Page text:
By the time her father came home, she would still burst into tears every once in a while, but the freaky part was over.  She proclaimed between fits that I'd "ruined" her computer, and that she wasn't going to touch it ever again.  She began using my old laptop (which I'd forgotten about, duh) that she uses for drawing, but miraculously she was sticking to the imposed time limits on her own.  She'd power it down at 9 pm without being prompted.

I warned her that if she went beyond the limits, I'd put the restrictions on the laptop, too.

Wednesday, she went beyond the time limit by an hour.  She'd turned in a paper that had been weeks late that day, so I allowed it.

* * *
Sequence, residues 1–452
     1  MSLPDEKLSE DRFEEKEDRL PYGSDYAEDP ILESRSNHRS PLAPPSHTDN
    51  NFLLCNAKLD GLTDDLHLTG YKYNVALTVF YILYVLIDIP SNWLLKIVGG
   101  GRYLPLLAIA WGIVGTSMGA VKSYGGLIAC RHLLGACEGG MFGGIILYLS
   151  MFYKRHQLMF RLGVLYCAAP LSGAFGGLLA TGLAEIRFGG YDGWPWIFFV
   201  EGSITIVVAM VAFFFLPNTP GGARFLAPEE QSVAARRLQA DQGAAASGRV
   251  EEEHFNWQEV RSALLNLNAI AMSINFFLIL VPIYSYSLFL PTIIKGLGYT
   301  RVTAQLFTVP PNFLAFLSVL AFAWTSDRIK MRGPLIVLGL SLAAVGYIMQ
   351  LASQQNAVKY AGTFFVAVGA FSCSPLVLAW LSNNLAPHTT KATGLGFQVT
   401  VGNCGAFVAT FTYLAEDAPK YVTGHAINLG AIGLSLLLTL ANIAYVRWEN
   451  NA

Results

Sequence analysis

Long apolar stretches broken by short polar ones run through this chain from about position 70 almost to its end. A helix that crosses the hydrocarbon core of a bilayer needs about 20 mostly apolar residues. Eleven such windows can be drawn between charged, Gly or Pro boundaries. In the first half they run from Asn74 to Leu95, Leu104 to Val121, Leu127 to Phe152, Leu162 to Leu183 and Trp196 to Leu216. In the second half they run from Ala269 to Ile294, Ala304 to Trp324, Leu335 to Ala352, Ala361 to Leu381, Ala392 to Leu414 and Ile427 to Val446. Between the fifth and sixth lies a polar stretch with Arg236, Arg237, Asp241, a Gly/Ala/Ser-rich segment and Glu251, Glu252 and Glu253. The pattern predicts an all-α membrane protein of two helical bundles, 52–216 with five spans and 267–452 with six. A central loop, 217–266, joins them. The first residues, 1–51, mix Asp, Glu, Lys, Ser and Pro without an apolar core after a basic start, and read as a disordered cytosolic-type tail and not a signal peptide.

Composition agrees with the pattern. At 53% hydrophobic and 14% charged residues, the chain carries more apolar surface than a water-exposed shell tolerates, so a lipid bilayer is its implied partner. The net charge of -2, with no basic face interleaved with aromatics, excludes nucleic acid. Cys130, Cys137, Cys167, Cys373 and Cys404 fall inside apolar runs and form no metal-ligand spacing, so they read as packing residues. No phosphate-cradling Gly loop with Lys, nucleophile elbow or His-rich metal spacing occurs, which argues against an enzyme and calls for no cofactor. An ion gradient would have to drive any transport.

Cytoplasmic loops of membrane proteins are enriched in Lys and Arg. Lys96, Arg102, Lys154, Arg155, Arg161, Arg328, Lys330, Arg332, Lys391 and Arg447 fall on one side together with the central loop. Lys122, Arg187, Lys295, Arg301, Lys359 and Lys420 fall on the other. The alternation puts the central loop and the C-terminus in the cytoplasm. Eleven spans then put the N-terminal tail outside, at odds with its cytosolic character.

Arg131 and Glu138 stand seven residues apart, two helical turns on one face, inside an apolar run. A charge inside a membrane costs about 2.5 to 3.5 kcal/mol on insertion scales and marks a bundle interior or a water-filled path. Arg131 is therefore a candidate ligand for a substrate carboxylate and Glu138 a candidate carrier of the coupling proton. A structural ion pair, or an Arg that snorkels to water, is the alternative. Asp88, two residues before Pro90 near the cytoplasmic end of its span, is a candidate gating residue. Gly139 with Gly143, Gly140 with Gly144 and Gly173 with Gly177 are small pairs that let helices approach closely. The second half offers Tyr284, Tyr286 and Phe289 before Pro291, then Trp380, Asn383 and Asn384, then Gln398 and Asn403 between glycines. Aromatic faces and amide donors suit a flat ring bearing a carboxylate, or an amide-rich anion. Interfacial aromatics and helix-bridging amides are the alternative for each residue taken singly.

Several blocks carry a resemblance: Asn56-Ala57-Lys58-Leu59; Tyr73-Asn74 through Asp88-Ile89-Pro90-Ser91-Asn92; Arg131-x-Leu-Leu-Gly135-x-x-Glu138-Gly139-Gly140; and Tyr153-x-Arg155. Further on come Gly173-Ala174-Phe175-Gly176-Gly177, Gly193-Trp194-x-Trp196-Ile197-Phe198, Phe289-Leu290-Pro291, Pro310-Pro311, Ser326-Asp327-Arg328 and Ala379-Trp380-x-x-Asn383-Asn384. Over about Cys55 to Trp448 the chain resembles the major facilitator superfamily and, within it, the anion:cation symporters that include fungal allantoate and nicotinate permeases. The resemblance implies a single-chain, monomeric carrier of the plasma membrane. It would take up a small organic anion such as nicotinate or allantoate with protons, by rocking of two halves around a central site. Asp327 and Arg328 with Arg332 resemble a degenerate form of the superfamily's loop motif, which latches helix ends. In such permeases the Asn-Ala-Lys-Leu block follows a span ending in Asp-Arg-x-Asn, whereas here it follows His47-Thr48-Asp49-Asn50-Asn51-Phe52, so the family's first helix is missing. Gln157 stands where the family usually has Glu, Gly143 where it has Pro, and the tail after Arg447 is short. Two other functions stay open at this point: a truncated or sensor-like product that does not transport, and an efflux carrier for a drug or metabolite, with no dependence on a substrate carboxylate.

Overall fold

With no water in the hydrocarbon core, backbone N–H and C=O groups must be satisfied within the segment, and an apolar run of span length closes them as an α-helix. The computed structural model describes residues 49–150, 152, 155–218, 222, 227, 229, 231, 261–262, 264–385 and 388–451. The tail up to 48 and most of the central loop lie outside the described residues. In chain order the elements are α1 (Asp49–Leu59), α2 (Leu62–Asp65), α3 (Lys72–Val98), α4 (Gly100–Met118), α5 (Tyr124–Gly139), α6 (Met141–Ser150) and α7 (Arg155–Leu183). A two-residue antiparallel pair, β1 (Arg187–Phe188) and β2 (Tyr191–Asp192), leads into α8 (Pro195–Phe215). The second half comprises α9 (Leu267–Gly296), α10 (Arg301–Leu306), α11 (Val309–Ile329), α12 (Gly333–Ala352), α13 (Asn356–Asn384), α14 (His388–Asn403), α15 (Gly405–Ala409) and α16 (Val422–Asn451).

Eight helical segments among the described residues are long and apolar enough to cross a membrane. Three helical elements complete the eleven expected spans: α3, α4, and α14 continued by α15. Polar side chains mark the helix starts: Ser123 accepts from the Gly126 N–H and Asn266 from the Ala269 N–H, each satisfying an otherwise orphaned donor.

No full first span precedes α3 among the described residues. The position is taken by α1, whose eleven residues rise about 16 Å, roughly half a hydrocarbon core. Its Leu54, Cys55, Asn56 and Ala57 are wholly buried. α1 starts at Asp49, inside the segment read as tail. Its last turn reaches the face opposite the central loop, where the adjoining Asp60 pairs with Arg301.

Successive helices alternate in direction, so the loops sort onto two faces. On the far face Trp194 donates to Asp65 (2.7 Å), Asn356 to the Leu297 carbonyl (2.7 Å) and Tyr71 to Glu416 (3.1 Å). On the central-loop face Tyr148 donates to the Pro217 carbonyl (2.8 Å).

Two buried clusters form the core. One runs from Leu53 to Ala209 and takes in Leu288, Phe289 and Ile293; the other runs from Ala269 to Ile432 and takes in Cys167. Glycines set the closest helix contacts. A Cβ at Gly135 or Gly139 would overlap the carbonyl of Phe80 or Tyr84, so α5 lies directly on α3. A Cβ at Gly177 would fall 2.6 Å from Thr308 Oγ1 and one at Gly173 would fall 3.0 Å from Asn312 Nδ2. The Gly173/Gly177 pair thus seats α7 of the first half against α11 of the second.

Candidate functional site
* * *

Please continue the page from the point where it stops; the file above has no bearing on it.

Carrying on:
Thursday, I downloaded a game we both loved that was web-only up until then, and started playing it.  She kept wanting to hop on my computer and play.  I said I would buy her a copy and she could play it whenever she wanted... provided she used her own desktop computer.  She refused.  She said she wasn't touching it until "it was fixed".  Progress! 

Friday, I had a dental appointment, and was not a happy camper.  When she started trying to help me play my game, I again brought up the fact that she could play it herself, on her own computer.  She said "Yeah, but it's 9:30, I couldn't play anyway."  Progress!  I told her that non-school nights had a later cut-off time, and I'd log in the parental account and give her a little bit more time on Friday nights, for tonight only.  She played for an hour before bed, no tears when it was time to go.

Success!  It took almost a week, and there was a lot of moaning and crying and attitude all week long.  But it eventually worked out.  Here's hoping it's an effective tool towards her success.